In the 29 years since its founding, Morningstar has evolved its products and company to better serve its clients. In response to the needs of institutional investors it is adding another product to its stable that tracks investment strategy, instead of delivery vehicle.

The first product the company launched was the The Mutual Fund Sourcebook, published quarterly, containing performance data, portfolio holdings, and other information on about 400 mutual funds.

In 1992 the company created the now ubiquitous nine-square Style Boxes and launched its FundInvestor newsletter.

After the turn of the millennium the company turned out new products continuously. In 2000, it launched an online retirement advice service. In 2001, Morningstar Direct, Morningstar Advisor Workstation, Morningstar Managed Portfolios and Morningstar Rating for stocks were launched.

In 2003, the company launched Morningstar managed retirement accounts, Style Box "Ownership Zones" and Morningstar Ratings for separate accounts. 2004 brought Stewardship Grade for funds. The company went public in 2005.

When ETFs began to gather assets like wildfire in 2006 the company launched its Morningstar Ratings for ETFs. In 2011 the company launched its Morningstar Analyst Rating for funds and Global Fund Report.

Morningstar has also made several data and research acquisitions in its lifetime., a San Francisco-based investment advisory firm that specialized in the large plan sponsor retirement market was acquired in 2003. In 2005 Morningstar upped its variable annuity data by purchasing Finetre Corporation's Variable Annuity Research and Data Service. 2006 brought Ibbotson Associates, a provider of asset allocation research and services and InvestorForce's hedge fund and separate account databases. Standard & Poor's mutual fund and data business was scooped up in 2007. The acquisition of the global financial filings database of Global Reports was completed in 2009. 2010 brought Aegis Equities Research and Old Broad Street Research aboard.

Morningstar's current global data universe as of December 31st, 2012 includes: 139,000 mutual fund share classes, 10,000 exchange-traded funds, 3,700 closed-end funds, 32,500 stocks, 7,000 hedge funds, 9,200 separate accounts and collective investment trusts, 111,000 variable annuity/life subaccounts and policies in the United States, 60,500 insurance, pension, and life funds and 4,500 state-sponsored college savings plan portfolios.

Now comes another innovation. The company will be enhancing its database to track managers by strategy, not vehicle. For example, PIMCO Total Return is available as an ETF, open-end fund, a SMA, institutional separately managed account and variable annuity. This database, which will be available on the Morningstar Direct platform, will link all the ways the strategy is available to investors so they can view the strategy as an entity in of as of itself.

The database also gives users the story behind the strategy-what the managers say about themselves, and analytical tools to test whether or not managers have stayed on track within their mandate or strayed from it.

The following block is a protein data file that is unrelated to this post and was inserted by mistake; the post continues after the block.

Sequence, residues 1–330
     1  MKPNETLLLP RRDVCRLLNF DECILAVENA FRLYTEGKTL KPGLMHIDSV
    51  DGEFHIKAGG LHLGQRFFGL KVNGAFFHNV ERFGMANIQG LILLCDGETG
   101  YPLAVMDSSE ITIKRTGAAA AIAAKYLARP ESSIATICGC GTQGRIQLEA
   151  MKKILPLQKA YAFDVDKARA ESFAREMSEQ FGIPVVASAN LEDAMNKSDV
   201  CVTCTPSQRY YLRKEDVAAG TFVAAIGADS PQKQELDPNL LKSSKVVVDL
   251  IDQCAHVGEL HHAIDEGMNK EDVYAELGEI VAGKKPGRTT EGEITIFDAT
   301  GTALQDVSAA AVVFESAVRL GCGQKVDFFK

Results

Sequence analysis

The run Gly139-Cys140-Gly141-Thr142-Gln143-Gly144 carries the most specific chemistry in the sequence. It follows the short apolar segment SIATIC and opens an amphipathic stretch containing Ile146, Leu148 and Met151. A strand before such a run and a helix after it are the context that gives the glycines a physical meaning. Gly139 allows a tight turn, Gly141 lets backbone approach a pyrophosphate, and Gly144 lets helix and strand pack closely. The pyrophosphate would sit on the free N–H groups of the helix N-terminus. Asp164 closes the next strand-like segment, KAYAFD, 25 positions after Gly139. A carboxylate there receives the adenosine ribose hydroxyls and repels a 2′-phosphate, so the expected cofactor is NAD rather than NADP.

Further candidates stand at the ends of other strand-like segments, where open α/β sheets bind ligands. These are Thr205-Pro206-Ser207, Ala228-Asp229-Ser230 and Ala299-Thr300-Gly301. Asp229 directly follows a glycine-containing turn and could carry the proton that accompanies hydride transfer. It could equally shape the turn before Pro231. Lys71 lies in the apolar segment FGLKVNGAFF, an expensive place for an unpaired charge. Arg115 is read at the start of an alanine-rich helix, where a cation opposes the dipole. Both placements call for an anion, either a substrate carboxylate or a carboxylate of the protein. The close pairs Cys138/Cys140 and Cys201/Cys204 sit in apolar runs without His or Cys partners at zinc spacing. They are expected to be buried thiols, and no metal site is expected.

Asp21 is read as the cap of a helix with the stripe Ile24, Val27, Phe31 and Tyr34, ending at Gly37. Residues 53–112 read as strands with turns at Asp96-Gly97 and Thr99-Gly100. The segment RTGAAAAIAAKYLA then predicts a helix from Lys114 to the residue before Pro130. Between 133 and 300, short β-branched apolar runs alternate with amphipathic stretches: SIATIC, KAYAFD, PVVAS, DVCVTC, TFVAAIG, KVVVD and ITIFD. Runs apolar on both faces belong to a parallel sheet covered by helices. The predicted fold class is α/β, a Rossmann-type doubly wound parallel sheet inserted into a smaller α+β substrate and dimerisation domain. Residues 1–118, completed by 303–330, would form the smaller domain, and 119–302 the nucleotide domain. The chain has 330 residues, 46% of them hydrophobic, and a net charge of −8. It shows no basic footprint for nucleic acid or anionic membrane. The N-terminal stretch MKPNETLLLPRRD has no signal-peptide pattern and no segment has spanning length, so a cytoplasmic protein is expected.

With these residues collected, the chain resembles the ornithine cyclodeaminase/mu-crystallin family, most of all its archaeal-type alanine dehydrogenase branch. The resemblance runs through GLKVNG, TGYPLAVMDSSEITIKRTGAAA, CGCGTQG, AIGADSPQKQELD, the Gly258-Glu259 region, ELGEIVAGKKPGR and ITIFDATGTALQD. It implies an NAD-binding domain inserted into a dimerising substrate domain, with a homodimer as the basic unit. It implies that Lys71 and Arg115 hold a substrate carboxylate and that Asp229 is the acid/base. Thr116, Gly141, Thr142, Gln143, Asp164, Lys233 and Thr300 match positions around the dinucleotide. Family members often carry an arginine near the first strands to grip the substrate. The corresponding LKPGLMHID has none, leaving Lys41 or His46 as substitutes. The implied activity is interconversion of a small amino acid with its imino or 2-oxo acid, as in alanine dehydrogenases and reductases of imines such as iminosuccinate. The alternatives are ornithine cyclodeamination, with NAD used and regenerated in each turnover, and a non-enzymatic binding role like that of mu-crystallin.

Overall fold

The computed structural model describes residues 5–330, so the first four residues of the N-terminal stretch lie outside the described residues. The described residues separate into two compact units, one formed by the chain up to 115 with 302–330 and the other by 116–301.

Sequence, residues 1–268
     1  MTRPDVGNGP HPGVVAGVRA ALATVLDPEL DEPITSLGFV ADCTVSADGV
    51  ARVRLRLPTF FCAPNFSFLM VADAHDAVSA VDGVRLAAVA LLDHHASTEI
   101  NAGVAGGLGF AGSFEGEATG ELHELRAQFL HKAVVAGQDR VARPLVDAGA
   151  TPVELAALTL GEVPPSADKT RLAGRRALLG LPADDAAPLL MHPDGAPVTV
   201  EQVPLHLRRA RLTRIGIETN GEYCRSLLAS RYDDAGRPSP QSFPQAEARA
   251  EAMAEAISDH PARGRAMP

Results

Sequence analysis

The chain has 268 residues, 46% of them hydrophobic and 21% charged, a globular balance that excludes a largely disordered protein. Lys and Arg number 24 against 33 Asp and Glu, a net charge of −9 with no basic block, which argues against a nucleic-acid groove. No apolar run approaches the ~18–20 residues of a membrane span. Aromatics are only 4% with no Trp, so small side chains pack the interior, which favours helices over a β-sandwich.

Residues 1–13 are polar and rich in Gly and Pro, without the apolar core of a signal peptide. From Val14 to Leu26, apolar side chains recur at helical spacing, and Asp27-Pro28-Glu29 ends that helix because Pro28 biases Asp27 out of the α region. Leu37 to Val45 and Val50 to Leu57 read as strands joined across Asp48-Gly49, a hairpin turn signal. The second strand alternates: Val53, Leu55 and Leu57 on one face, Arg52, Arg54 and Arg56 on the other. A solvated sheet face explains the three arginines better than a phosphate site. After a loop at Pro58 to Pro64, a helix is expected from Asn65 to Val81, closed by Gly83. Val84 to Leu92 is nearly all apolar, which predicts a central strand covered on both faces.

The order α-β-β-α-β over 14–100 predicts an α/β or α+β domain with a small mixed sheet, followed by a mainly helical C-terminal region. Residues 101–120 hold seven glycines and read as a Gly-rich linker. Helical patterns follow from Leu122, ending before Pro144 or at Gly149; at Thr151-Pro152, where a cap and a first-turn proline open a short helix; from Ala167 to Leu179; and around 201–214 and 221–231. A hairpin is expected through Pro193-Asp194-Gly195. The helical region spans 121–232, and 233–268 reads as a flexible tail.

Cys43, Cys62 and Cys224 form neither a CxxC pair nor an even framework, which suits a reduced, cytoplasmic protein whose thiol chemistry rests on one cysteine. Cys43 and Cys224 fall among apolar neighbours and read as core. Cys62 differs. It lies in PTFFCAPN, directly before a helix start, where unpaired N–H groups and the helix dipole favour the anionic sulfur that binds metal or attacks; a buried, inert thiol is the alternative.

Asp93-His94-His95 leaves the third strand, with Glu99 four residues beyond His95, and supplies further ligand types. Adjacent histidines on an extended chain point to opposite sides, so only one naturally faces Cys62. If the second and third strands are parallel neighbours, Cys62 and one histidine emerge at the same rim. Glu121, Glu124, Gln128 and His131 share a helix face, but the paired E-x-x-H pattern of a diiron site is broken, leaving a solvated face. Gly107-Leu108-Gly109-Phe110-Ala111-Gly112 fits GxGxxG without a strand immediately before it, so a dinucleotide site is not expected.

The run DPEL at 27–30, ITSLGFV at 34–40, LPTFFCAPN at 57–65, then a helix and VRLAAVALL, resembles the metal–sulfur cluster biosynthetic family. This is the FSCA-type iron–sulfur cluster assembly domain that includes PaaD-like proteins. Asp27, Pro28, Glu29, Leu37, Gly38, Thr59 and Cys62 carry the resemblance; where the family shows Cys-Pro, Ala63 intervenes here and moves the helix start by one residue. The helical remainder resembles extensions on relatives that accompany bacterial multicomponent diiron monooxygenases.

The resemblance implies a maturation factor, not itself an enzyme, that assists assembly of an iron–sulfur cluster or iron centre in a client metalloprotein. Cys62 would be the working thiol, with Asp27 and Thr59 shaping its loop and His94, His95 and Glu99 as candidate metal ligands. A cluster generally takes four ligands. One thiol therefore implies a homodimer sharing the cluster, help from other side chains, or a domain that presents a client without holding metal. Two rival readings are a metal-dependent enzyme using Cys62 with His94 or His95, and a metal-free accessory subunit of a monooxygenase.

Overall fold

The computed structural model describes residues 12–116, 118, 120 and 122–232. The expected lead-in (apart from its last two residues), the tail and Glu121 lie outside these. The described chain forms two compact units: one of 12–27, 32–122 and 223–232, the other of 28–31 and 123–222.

Syl Flood, product manager at the company, sat down with Money Management Executive to talk about the capabilities this database will include and who the target users are. The company has not yet set a date for the rollout of the enhanced database.

Tell us about the new capabilities you're building for manager research teams.

We're assembling current capabilities in new ways for our existing institutional clients as well as for pensions, endowments and foundations. These audiences seek investment talent first, then decide what kind of vehicle-primarily a fund or separate account-through which they want to invest. We're strengthening the way we organize our existing fund and composite databases, and proprietary analyst research around the manager to better support their workflow.

Institutional investors are placing money in many more asset classes than ever, and have become agnostic about vehicle as long as they can hire managers at a price that makes sense. Our manager database will enable manager research teams to spend more time doing actual research and less time piecing together data from disparate product databases.

What types of managers will be available in the database?

Our global open-end fund database forms the foundation. As a result of our work with the wirehouse separately managed account platforms, we also have an extensive composite database. Together, these form a Morningstar-proprietary manager database representing more than $20 trillion in actively managed assets.

Which clients are looking for this data?

There is demand from pensions, endowments and foundations as well as their advisors-institutional investment consultants-to perform more extensive due diligence on the managers they hire. The manager database itself is a key capability, but the real differentiator is that we have Morningstar Analyst Ratings on almost $9 trillion in worldwide assets under management. Having more than 100 fund analysts worldwide enables us to offer this breadth of coverage. We'll complement our research with manager narratives-what the managers say about themselves.

What's more, we intend to offer analytical tools to test whether managers achieved results in the manner they claimed they would, or whether they strayed from their mandates when opportunities arose.

What is the current status?

We are pleased with the cooperation of managers in mapping their investment vehicles worldwide up to the strategy level. In conjunction with building the database, we are also developing software to allow clients to search and filter the data to find appropriate managers. The database will be available in our institutional research platform, Morningstar Direct.

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